At the Denver meeting OMG held an election for seven AB seats: reelected for two-year terms were Tom Rutt of Lucent Technologies, Jishnu Mukerji of Hewlett-Packard and Dave Frankel of Genesis Development, Inc. Newly elected for two-year terms were Peter Walker of Sun Microsystems, Inc., and Michi Henning of Object Oriented Concepts, Inc. Finally, Sean Baker of IONA Technologies Plc and Jeff Mischkinsky of Persistence Software Inc. were elected to one-year terms, filling positions vacated by members halfway through their terms. Continuing on the AB for another year are current members Carol Burt of 2AB, Inc., Sridhar Iyengar of Unisys Corporation and Nilo Mitra of Ericsson.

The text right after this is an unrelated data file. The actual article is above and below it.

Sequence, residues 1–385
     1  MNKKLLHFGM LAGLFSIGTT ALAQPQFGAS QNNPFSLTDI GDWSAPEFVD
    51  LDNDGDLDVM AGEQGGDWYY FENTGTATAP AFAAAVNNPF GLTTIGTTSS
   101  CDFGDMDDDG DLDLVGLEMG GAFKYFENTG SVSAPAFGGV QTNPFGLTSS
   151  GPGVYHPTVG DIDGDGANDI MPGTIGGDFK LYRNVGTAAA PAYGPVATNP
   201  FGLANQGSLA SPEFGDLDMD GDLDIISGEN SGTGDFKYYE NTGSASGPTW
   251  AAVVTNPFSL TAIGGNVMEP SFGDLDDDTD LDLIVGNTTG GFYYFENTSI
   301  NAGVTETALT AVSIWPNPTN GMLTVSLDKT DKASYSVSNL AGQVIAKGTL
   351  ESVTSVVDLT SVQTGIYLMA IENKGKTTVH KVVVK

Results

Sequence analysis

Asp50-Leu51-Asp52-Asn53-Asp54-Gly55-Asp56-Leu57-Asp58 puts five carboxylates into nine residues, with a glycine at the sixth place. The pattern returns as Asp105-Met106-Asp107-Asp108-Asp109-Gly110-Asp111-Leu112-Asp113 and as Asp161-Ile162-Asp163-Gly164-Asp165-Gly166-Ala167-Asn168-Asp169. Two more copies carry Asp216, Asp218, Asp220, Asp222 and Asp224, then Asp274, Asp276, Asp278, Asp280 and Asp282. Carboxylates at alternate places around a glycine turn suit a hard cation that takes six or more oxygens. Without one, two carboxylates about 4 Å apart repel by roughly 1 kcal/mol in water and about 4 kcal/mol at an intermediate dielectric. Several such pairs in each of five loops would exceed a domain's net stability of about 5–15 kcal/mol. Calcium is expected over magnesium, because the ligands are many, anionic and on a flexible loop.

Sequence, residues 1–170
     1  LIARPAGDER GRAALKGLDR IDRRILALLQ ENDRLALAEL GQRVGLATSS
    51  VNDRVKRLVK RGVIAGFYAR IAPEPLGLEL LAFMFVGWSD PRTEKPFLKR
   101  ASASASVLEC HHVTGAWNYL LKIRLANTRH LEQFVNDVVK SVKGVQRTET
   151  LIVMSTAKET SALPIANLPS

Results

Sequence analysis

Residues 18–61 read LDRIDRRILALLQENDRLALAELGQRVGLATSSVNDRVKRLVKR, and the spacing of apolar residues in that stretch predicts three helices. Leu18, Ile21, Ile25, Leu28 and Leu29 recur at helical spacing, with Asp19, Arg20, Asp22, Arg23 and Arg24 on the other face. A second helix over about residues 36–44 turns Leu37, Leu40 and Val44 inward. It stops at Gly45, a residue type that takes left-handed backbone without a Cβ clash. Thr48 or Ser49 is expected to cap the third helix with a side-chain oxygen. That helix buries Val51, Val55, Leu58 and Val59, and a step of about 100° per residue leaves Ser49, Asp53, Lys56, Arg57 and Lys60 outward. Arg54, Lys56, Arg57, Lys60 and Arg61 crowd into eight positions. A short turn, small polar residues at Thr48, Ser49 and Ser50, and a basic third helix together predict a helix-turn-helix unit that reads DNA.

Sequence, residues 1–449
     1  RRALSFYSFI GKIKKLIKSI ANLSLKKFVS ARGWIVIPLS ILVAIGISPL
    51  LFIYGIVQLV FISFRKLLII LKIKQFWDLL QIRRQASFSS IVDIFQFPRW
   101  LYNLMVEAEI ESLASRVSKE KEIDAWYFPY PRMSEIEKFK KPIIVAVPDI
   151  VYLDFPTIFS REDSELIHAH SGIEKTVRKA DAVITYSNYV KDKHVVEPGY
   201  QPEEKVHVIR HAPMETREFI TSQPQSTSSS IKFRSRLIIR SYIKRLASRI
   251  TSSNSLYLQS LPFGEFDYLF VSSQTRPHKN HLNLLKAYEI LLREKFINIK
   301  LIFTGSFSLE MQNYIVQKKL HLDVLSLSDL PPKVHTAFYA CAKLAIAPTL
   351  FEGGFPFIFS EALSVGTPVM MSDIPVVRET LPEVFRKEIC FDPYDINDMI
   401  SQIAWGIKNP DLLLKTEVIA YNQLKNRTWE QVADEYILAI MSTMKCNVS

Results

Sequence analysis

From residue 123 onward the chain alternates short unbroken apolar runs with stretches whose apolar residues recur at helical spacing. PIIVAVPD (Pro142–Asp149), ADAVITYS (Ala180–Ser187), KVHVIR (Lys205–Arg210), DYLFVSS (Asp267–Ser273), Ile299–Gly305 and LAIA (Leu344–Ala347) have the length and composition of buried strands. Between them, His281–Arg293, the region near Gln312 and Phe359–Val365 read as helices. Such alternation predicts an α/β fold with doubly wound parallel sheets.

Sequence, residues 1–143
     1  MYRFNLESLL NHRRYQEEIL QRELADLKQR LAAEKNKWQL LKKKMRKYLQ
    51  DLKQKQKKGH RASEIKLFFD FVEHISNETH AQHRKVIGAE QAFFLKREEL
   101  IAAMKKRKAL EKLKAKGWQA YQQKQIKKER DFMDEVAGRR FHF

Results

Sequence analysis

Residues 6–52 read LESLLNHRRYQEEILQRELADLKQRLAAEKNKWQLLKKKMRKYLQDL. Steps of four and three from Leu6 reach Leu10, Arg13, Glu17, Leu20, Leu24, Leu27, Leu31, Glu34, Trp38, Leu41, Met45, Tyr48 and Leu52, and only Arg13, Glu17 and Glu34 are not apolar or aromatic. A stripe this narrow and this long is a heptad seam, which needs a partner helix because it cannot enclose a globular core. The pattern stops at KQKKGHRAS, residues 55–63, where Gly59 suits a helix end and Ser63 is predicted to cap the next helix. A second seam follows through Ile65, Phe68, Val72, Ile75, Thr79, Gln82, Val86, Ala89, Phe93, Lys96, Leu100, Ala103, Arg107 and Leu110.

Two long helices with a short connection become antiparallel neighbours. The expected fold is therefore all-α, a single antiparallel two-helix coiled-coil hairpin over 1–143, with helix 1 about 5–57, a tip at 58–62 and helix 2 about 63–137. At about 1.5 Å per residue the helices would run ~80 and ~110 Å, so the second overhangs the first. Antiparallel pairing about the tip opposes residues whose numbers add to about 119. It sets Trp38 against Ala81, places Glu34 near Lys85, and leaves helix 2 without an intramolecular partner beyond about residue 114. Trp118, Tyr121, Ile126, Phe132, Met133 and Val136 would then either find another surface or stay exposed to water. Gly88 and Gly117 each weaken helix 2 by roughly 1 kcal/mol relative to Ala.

New Domain Technology Committee Standards Efforts
The Domain Technology Committee develops standards in vertical markets. The DTC has the business world well covered with nine task forces in nine domains:

  • Business Objects
  • Finance and Insurance
  • Electronic Commerce
  • Manufacturing
  • Utilities
  • Telecommunications
  • Healthcare
  • Transportation
  • Life Science Research
Special Interest Groups (SIGs) represent other technology areas including Human Resources, Retailing, Customer Relationship Management, and Space and Satellite Science.

Although all nine task forces are currently working on technology adoptions (and most are working on several at once), only one, the Life Science Research task force, which issued three new RFPs, started new work at the meeting. The following section describes each of them and shows how CORBA and domain knowledge come together at OMG to define services with a unique advantage.